Scientists in the lab of Whitehead Member David Sabatini have for the first time identified a protein that appears to sense the amino acid arginine. The transmembrane protein, SLC38A9, depicted in the graphic at left, senses the presence of arginine and, via interactions with a family of enzymes known as RagGTPases, activates the mTORC1 growth-regulating metabolic pathway.
Scientists identify first nutrient sensor in key growth-regulating metabolic pathway
January 7, 2015
CAMBRIDGE, Mass. – Known as much for its complexity as its vital role in regulating cellular and organismal growth, the mechanistic target of rapamycin complex 1 (mTORC1) pathway has seemingly been acting in mysterious ways.
Through a variety of mechanistic interactions, mTORC1 interprets cues in the cellular environment, including the availability of nutrients, and signals the organism to act accordingly. mTORC1 is apt to trigger growth during times of abundance and dial back metabolism when food is scarce. Owing to years of intense scrutiny in the lab of Whitehead Institute Member David Sabatini, the key players of this pathway—whose deregulation is associated with diseases ranging from diabetes to cancer to epilepsy—have gradually been brought to light. Yet, one essential question remained unanswered: How exactly does mTORC1 actually detect the presence of nutrients?
Now, it seems, scientists in Sabatini’s lab have at least a partial answer, describing for the first time a protein that appears to sense the amino acid arginine. The discovery of this transmembrane protein, known as SLC38A9, is reported this week in the journal Science.
“No one doubts that this is an important pathway, with implications for aging, cancer, and diabetes, and we had figured out the core machinery of the pathway,” says Sabatini. “But the mystery has been what are the sensors? Now we’ve found what is likely the first nutrient sensor. This is what connects that core machinery to the world around it.”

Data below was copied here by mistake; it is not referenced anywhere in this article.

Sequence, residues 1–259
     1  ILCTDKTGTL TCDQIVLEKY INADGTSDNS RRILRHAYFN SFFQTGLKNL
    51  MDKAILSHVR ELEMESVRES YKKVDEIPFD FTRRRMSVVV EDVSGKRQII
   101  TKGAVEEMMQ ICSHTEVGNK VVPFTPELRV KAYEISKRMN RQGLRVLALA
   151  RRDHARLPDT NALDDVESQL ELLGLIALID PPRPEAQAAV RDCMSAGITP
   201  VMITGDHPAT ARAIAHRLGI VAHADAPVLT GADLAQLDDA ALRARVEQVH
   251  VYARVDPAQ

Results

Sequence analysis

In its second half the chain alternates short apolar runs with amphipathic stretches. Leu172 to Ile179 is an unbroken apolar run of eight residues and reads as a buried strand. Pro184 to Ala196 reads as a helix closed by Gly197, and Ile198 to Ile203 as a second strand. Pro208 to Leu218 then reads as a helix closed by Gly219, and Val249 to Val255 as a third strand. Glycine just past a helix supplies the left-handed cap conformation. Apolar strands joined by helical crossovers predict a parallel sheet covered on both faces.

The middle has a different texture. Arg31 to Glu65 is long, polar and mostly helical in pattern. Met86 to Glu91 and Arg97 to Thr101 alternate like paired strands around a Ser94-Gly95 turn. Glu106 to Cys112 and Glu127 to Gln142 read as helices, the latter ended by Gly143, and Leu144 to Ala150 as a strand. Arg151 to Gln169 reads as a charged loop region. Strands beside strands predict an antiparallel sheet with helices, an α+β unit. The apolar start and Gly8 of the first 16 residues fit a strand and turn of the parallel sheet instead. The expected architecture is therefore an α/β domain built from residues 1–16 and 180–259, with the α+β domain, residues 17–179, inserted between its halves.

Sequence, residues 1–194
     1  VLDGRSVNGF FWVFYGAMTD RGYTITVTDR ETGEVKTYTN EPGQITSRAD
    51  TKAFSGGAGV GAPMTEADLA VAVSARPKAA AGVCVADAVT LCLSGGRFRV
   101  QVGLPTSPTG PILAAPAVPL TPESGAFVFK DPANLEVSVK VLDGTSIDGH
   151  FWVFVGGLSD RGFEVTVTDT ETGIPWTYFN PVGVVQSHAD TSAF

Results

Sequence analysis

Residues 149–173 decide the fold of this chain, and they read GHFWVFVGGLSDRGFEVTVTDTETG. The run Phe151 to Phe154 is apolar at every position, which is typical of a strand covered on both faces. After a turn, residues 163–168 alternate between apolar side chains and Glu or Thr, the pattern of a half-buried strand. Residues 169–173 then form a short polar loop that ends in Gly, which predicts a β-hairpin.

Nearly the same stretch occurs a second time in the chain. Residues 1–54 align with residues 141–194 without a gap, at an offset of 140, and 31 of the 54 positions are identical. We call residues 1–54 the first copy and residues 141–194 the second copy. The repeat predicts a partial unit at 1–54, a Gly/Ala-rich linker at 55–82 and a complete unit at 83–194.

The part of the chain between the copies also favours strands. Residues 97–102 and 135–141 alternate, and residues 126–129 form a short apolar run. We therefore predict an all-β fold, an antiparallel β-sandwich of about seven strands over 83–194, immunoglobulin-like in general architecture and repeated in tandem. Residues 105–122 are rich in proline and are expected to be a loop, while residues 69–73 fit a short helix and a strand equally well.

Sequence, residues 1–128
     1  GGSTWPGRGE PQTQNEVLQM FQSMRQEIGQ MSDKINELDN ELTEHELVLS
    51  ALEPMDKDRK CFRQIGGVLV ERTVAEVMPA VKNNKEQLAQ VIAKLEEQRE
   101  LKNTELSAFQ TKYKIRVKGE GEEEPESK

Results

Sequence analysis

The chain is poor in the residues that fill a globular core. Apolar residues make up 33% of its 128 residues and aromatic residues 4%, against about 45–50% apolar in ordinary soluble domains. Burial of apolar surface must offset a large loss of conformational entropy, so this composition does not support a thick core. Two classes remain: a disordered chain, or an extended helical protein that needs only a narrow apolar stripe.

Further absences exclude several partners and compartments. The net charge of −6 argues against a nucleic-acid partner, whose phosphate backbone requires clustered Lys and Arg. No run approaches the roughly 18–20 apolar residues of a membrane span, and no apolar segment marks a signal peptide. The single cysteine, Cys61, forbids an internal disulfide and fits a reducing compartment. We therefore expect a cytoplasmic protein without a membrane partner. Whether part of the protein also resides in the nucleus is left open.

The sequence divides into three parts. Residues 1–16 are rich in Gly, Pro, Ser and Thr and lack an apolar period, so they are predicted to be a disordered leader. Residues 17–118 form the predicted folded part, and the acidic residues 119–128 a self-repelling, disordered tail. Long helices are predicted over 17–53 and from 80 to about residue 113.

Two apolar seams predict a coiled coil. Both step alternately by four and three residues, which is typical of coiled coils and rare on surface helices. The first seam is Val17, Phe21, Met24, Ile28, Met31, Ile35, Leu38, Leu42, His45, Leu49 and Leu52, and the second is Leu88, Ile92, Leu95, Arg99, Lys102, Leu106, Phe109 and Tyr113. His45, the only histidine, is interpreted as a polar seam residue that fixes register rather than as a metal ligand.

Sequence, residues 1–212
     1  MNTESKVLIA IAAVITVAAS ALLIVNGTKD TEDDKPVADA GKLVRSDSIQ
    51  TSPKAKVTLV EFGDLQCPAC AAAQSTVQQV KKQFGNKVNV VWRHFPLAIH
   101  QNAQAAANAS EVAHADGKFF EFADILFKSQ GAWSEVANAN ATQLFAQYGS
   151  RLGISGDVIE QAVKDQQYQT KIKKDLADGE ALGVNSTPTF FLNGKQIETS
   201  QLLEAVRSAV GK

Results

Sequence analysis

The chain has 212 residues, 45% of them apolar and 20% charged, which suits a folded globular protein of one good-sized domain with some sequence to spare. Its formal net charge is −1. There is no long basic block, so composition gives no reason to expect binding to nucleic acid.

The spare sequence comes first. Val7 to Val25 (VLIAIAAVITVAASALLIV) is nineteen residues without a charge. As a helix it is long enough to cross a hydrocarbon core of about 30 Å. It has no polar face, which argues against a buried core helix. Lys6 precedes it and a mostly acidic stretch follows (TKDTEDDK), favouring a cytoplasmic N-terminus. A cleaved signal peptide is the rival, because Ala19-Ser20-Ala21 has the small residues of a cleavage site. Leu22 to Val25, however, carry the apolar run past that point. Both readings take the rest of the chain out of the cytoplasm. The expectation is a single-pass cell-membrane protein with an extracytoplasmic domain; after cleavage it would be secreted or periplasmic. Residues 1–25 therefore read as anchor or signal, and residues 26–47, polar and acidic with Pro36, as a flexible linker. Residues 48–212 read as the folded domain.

The finding suggests a model in which mTORC1, located at the surface of cellular components known as lysosomes, receives “go/no-go” signals from a family of enzymes dubbed Rag GTPases. It had been known that the Rags convey information about nutritional status to mTORC1, but it wasn’t clear how the Rags came by this information. Through a series of experiments, researchers found that SLC38A9 is capable of transporting and directly interacting with amino acids, the building blocks of proteins. Further, they found that in cells overexpressing SLC38A9, mTORC1 signaling is activated even in the absence of amino acids. On the flipside, they found mTORC1 activation defective in cells engineered to lack expression of SLC38A9. Taken together, such compelling evidence points to SLC38A9 as an amino acid sensor, tipping off the Rags to the availability of nutrients.
“It’s like a relay race and this protein is what starts the race,” says Zhi-Yang Tsun, a graduate student in Sabatini’s lab and co-first author of the Science paper. “We’ve been looking for a long time for a molecule like this. It has all the properties consistent with a sensor.”